Looks like the clichéd rave concept of PLUR (peace, love, unity, respect) has bled over into its normally confrontational hip-hop cousin. Not that such beliefs aren't noble, it's just that that kind of rhetoric makes a reporter, a critic, search for the holes in the agenda or in the actions of those espousing it. It's a logical course, at least in an effort to find out what could inspire such an uncommon approach to a genre historically identified with violence, misogyny and ego-trippin'.
Morse Code's manifestation of its philosophy seems bulletproof. Wicka Wicka Wednesday has become ground zero for a newly emerged battalion of DJs, MCs and hip-hop bands flourishing in the Valley. And it's become the blueprint for several subsequent hip-hop nights taking place in the unlikeliest of urban music venues; the collective's practice of having guest musicians and spontaneous performances on a regular basis has been imitated by nearly all its successors.
Morse Code practices its righteous, all-inclusive dogma through an integration of diverse musical styles both within and without the group; a couple Wickas ago, the bill was opened by the Metamorphosis Quartet, four youngsters who soaked the delicately lighted Billy Gordon's with soft, groove-heavy lounge sounds, eventually drawing Morse Code's MCs onstage to bust rhymes and oral rhythmics along to the music. The parameters of the guests' musicality aren't limited; the band (yeah, we're referring to four DJs and two MCs as a band) hosts house DJs, junglists, jazz cats, funk bands, whatever. Their own music is peppered with a mix of styles -- they're proficient in drum 'n' bass, dance-hall, house, jazz, nearly anything you can nod your head or shake your ass to.
"I think most of us have a solid hip-hop foundation that we grew up on," DJ Picks explains, "but as the years progressed, I think we've all pretty much took on other types of music. We all took on other influences and it comes through when we're performing. We'll be doing a hip-hop song and look at each other and go, "Jungle?' "Yeah, jungle.' And all of a sudden it changes."
The collective's sound is so complex; with four DJs each on a turntable simultaneously, it's often impossible to tell which of the quartet is doing what. Add to that the percussive emissions of MC Cas' beatboxing mouth, and you've got a cacophony that rivals any producer's multi-track work. "Our whole point is for it to sound so deep that you don't know where the sounds are coming from," says MC Ru-Ski, Morse Code's primary lyricist.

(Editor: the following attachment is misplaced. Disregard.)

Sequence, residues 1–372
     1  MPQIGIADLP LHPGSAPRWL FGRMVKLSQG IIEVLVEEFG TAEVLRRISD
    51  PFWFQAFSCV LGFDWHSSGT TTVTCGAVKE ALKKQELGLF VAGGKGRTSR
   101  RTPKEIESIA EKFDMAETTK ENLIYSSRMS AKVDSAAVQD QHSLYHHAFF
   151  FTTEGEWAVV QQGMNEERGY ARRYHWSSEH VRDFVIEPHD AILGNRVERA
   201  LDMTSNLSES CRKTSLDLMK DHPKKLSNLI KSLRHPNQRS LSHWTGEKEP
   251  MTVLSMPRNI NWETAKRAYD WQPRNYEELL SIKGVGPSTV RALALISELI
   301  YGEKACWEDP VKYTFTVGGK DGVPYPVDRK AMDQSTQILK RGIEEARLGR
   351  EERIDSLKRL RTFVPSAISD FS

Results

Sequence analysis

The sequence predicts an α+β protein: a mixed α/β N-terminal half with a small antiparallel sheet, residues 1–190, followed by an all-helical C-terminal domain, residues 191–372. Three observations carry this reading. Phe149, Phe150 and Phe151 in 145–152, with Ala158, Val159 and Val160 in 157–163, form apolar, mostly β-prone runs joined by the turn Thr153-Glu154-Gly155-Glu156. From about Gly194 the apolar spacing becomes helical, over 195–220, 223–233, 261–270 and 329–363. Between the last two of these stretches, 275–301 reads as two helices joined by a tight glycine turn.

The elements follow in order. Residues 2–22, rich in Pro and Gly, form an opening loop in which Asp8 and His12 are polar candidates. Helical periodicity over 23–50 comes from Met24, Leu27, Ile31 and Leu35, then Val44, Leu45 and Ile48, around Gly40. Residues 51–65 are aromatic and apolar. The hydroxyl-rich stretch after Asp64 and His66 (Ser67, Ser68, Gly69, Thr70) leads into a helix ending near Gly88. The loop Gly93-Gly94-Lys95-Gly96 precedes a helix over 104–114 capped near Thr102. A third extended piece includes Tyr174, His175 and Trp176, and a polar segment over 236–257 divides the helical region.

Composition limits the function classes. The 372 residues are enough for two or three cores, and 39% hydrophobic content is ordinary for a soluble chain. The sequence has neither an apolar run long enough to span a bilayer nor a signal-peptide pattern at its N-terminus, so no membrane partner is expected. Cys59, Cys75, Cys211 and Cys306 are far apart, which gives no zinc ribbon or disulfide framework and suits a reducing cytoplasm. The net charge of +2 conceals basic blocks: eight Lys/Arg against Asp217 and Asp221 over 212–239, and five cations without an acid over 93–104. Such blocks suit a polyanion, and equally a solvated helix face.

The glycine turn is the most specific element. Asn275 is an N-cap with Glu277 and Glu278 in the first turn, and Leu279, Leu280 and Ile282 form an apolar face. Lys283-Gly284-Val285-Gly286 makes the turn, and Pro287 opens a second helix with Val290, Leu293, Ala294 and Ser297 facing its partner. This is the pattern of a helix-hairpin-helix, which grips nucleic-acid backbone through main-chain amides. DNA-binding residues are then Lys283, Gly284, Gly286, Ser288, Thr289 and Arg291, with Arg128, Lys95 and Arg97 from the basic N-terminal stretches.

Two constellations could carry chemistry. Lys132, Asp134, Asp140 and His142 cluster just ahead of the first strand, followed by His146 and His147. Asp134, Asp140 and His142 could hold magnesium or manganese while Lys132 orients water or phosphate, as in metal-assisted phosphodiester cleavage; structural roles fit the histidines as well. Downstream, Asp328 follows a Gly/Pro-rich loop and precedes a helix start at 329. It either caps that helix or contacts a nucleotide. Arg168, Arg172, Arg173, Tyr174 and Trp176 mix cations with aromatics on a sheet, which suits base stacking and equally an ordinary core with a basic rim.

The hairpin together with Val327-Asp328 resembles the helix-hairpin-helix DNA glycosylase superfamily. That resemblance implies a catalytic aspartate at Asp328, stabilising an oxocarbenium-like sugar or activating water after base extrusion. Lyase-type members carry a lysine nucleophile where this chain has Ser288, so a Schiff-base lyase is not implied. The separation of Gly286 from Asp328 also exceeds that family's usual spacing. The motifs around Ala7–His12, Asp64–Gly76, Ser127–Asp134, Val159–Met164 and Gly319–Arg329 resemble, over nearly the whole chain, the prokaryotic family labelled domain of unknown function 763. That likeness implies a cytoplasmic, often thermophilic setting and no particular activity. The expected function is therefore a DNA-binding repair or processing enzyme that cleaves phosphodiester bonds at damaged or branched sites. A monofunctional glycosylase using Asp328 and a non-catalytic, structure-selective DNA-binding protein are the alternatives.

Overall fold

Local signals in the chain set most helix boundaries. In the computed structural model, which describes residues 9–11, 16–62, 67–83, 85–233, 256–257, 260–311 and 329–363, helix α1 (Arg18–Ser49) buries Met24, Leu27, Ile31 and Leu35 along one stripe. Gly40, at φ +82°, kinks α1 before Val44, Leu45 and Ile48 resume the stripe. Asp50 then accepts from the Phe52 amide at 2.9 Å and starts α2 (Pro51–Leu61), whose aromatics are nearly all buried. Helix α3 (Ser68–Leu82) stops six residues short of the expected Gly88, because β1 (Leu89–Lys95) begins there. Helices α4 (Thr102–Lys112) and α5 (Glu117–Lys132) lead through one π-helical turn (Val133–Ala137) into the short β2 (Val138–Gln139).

The words behind the beats are locked into a positivity theme as well. The often freestyled word games are filled with references to unity, world peace, love, and even hugs.
The sentiments are not merely transient themes in their songs, but part of a larger mission -- one the group says is paramount to its music. DJ Jimi the Mantis Claw defines Morse Code in multiple terms: "One, we're a group of people who get together who enjoy creating music together. Second, we're a group of people who are getting together to create an alternative way to live, to change the way we live -- not having regular jobs, being able to make music and make money. Third is the spiritual growth of each other, the whole finding people you are attracted to; with each other we learn different kinds of fundamental things. Especially if you don't have close family right around you a lot, you attract yourself to some sort of group."
The sources for Morse Code's positive inclinations are fairly easy to pinpoint -- besides the family-like dynamics of the group, two members, Ru-Ski and DJ Sembilan, are of the Baha'i faith, known for its "one planet, one people" theology. "Our faith definitely bleeds into the band," says Ru-Ski. Add to that the neo-hippie stylings of blond dreadlocked Jimi the Mantis Claw, whose recently released solo tape is dedicated to "all those who reflect on who they are and what role they play in the unfolding of this cosmic drama," and the foundations of their philosophy seem obvious.
But the affirmative attitude is also a means -- part of a support system -- to achieve two ends: the continuing battle to establish turntablism and what Morse Code calls "turnstyle" (an amalgamation of turntablism and freestyle) as valid musical forms in the eyes of the public, and to have artists support themselves through their work, free from the trappings of corporate/commercial America.